International IDEA has now developed two whiteboard animation videos on what federalism is and why federalism could be a good option in particular settings.
These videos explain the core components of a federal constitution, and some of the advantages and disadvantages of choosing such a system. They are meant to simplify often complex concepts, to make them understandable to the general public. Some of the key messages in the videos include the following:
- Federalism provides a way for different groups of people in different parts of the country to live together
- Federal systems have at least two levels of government, the central level and a second level that includes territorial entities into which the country is divided, e.g. regions, states, provinces.
- Federalism provides ways by which these different groups share power over common interests, but it also provides for these groups to have a level of autonomy vis-à-vis central state institutions
- Federations are protected by a constitution regarding ways in which power is shared in central state institutions, but also regarding the powers and responsibilities of both the central state and provinces, states or regions.
- But federalism is not a panacea. There are specific challenges that federalism alone cannot resolve, e.g. how to protect minorities, or the fact that federalism can be expensive as you need to build institutions not only and the central, but also at the region, state, provincial level. Sometimes the different levels have difficulties coordinating policies or policy responses, such as to pandemics or natural disasters.
Video transcription: WHY FEDERALISM?
1. Democracy’s goal is to give people - The People - a voice in the decisions which impact their lives.
2. But how does this work in practice, especially in countries where ‘The People’ mostly live in different regions of the country, and are made up of different ethnic, religious or linguistic groups?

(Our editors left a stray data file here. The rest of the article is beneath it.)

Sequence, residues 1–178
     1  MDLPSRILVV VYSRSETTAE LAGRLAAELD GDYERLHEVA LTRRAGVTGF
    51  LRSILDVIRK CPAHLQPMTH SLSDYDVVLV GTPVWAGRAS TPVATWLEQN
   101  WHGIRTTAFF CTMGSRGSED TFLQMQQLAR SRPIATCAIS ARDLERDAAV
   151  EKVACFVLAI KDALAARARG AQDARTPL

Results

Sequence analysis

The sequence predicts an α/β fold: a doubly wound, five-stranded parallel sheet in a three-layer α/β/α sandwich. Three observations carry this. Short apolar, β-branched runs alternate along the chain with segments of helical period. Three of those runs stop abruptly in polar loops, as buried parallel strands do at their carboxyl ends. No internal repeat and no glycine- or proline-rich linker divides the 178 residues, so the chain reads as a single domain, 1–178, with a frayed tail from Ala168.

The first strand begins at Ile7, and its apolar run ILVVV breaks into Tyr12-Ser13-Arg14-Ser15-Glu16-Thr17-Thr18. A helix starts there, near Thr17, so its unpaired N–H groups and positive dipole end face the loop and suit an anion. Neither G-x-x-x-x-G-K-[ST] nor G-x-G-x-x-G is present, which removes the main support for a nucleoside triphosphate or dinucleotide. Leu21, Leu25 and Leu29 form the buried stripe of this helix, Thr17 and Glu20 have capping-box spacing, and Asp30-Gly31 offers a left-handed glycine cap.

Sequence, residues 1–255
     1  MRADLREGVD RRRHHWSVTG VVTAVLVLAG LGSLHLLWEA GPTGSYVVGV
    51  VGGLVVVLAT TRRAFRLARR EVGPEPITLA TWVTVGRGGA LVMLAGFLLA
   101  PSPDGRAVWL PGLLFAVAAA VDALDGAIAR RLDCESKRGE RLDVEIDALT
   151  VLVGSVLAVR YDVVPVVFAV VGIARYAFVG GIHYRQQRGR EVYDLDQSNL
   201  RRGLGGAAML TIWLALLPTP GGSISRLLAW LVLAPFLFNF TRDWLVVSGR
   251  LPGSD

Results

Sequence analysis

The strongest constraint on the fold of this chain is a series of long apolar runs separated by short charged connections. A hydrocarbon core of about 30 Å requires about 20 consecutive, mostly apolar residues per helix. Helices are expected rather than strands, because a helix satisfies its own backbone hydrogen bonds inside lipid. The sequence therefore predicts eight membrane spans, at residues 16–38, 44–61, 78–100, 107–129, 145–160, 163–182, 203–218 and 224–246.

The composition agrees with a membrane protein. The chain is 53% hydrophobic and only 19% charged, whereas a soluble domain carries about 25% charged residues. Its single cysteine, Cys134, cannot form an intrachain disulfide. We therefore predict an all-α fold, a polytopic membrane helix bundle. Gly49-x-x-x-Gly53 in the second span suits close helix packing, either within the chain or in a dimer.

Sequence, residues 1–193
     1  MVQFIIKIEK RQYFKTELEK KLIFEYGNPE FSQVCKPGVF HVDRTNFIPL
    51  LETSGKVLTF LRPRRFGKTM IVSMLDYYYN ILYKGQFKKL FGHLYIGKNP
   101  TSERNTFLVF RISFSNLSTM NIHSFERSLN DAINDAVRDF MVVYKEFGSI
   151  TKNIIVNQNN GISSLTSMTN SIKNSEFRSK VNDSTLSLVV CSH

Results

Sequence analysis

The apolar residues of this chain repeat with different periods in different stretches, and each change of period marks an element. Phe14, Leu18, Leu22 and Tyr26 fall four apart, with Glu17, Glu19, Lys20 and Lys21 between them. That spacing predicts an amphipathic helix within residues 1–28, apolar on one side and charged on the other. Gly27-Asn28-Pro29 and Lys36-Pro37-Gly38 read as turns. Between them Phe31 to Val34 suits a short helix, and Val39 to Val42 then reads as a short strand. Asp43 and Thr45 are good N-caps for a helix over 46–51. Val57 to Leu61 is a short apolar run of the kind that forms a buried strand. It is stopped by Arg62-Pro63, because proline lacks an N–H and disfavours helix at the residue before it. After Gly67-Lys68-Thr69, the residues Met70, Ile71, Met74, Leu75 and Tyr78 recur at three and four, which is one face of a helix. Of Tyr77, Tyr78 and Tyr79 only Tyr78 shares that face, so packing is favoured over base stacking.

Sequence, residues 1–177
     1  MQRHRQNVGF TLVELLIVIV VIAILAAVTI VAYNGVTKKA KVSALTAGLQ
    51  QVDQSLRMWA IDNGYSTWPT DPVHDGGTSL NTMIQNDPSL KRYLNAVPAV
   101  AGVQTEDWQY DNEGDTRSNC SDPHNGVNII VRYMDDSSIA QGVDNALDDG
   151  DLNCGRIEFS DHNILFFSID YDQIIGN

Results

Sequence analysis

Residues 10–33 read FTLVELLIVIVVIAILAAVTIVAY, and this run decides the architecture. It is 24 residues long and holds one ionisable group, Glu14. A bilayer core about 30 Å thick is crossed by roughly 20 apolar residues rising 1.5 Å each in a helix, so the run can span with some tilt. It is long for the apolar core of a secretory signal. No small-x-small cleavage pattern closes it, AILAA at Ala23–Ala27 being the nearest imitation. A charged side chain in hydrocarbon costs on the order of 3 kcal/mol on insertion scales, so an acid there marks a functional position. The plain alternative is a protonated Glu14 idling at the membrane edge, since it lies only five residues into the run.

3. In many countries, different groups can get along, despite their differences. They resolve any disagreements by the usual process of democracy.
4. But what happens when their ￼differences are not just about policy? What if their very identity – their sense of who they are - is at stake? In that case, majority rule by one group might impact on the freedoms and rights of other groups.
5. These different people might have different ways of doing things. For example, they might want to be educated in their own language, or incorporate elements of their religions or customs into the laws of their region.
6. One possible political solution for these diverse groups of people who share the same country, but live in different parts of it, is federalism.
7. Federalism is a strategic compromise that divides powers and responsibilities between two main levels of government: a central or union level, and a state or regional level.
8. In a federal system, it is agreed that a central government manages issues of common concern. These are issues like economic policy, foreign policy and national defence.
9. It also guarantees some level of autonomy to specific territorial units - which might be states, regions, or provinces. These territorial units usually have autonomy over identity issues, like language and culture, regional economic development, infrastructure and public services.
10. Federalism is a practical way of dealing with some - but not all - of the tough challenges and problems of coexistence that exist in diverse societies.